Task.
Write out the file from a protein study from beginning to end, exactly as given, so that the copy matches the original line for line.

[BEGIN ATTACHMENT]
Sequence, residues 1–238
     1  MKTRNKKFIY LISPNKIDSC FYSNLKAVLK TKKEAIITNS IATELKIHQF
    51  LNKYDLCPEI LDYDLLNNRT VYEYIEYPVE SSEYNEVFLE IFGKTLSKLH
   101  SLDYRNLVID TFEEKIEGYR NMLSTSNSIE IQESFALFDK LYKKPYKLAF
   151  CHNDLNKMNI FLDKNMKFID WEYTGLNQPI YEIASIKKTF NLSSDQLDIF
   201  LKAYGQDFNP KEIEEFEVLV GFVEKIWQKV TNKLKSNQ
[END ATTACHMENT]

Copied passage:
Sequence, residues 1–238
     1  MKTRNKKFIY LISPNKIDSC FYSNLKAVLK TKKEAIITNS IATELKIHQF
    51  LNKYDLCPEI LDYDLLNNRT VYEYIEYPVE SSEYNEVFLE IFGKTLSKLH
   101  SLDYRNLVID TFEEKIEGYR NMLSTSNSIE IQESFALFDK LYKKPYKLAF
   151  CHNDLNKMNI FLDKNMKFID WEYTGLNQPI YEIASIKKTF NLSSDQLDIF
   201  LKAYGQDFNP KEIEEFEVLV GFVEKIWQKV TNKLKSNQ